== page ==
Could you give an example of that?
For instance, you put a carbon tax in the United States. Well, because of that, the price of some polluting goods may increase. Consumers have the incentive to demand these goods less and consume more alternative goods that are less polluting. This may have a positive impact on emissions domestically. But, the increased consumption of alternative goods may also increase demands for some alternative inputs that are produced elsewhere and may use polluting technologies. In this case, the net impact on global emissions will be zero. So, one needs to take into account these externalities when thinking about policies targeting climate change.
Right now, going down another different route, you hold several teaching positions. You’re a professor at Sciences Po, at Université Cote D’Azur, and at Santa’Anna in Pisa. You also hold a number of research positions, as well. Some economists really prefer the classroom, some really prefer research. Do you hold a preference? What do you feel you get out of either?
Personally, I prefer to have a good balance between the two. I think teaching can be an enriching activity, especially when students are good and contribute with a lot of questions and useful insights. When it’s like that, well it’s a very nice thing, teaching. And also, it’s a good exercise because it makes you think about how to apply and explain concepts that maybe for you are obvious but are not obvious when you explain them. So it can also have a nice impact sometimes on research activity. Of course, the more you go to the advanced level, the better it is in that respect. But, in general, it’s enriching because it allows one to think about how to transfer knowledge and concepts. You learn when you prepare to teach.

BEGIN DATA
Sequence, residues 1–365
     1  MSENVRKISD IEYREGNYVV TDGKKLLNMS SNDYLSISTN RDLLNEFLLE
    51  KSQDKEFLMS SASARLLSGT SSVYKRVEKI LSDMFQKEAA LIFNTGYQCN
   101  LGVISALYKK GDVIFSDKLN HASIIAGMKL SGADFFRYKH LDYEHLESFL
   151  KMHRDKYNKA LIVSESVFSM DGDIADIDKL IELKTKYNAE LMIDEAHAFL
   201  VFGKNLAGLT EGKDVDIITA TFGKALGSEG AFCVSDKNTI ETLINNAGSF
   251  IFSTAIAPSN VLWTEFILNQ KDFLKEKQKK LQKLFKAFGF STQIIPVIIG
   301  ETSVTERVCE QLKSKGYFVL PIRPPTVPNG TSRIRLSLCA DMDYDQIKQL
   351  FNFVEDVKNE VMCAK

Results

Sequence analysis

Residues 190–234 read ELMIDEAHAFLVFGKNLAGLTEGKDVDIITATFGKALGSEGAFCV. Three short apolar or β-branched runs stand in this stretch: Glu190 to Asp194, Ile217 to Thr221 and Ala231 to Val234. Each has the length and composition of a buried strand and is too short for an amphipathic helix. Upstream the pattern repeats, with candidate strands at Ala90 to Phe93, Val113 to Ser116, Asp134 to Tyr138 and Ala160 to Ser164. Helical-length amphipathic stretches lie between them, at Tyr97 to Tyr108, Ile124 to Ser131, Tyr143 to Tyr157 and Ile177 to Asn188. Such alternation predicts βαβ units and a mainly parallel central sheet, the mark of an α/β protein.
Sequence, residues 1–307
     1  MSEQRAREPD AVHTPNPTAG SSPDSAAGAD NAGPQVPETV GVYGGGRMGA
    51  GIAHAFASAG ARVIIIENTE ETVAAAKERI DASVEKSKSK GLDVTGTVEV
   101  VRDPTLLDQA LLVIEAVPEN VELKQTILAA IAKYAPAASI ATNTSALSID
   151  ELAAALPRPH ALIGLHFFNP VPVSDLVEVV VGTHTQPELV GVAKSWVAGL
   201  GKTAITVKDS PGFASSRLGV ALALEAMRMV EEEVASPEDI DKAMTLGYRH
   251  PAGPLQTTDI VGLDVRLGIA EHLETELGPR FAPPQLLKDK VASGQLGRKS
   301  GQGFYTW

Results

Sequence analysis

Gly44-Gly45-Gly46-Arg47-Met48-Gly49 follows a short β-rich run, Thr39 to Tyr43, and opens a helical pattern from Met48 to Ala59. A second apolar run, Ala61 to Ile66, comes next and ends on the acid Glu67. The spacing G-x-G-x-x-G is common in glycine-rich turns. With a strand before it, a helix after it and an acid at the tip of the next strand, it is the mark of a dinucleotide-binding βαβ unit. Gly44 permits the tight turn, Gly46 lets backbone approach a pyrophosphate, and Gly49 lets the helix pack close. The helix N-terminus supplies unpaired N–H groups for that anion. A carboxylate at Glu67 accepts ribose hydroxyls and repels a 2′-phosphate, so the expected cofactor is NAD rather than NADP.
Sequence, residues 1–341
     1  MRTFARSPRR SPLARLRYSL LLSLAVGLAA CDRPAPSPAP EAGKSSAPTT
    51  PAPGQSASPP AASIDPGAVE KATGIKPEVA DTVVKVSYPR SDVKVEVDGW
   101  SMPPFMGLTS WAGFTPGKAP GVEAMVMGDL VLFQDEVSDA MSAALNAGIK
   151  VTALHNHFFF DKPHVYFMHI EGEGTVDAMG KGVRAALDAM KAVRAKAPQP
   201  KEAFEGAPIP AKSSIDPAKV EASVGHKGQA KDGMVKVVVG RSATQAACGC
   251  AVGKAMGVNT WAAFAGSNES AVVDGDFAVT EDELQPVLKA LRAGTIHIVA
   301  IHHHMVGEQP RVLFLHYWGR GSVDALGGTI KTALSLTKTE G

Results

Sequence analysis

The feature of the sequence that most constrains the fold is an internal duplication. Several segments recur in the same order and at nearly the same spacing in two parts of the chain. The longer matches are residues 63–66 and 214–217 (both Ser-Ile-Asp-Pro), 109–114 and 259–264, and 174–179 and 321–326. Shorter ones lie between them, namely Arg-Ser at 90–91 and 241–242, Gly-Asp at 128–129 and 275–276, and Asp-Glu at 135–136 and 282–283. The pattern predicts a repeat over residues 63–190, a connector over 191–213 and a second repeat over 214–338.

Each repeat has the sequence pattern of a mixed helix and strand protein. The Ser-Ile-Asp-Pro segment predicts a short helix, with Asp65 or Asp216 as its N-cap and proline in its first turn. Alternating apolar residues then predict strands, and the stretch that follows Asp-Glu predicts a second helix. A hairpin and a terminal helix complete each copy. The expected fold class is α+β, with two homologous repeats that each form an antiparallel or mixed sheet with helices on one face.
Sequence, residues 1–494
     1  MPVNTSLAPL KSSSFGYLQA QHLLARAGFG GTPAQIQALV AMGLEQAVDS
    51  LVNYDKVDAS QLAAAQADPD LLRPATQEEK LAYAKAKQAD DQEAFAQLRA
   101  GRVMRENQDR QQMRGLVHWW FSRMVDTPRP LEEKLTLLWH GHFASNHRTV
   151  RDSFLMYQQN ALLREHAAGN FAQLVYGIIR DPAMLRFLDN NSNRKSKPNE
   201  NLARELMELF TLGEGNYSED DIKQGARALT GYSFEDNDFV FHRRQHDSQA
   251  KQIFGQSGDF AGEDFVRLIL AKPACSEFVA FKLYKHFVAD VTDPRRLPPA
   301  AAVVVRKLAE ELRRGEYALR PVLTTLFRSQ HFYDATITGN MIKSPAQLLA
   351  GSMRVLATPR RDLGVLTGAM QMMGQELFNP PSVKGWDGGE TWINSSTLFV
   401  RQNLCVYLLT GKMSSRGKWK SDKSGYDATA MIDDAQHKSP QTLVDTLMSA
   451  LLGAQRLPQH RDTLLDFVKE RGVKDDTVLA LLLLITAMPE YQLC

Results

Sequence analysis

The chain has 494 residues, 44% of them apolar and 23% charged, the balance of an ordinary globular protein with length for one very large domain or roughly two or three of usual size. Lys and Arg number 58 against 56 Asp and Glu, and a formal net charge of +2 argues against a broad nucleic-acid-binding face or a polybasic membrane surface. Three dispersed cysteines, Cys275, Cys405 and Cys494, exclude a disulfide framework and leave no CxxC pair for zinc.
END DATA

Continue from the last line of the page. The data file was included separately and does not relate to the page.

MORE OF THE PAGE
At the same time, an important balance is needed because research is a very demanding activity. We now live in a “publish or perish” system, where careers depend very much on publications, publication records, and citations. If you do too much teaching, you don’t have enough time for research. It’s a time constraint, so a balance is needed in that respect. Sometimes, in France, the balance is maybe too much towards teaching. It is true that for some young researchers you could have some reductions in the teaching time, but that should also be put in place more systematically for more advanced researchers. Anyway, any system has these features. So, personally, I enjoy teaching when it’s nice and when I have good students, like I’ve had so far. But you need a good balance between the two since you need time to do research because it’s a very demanding activity.
It’s been a pleasure to speak with you. Thank you for your time, and best of luck with your work.
Featured Image Source: Mauro Napoletano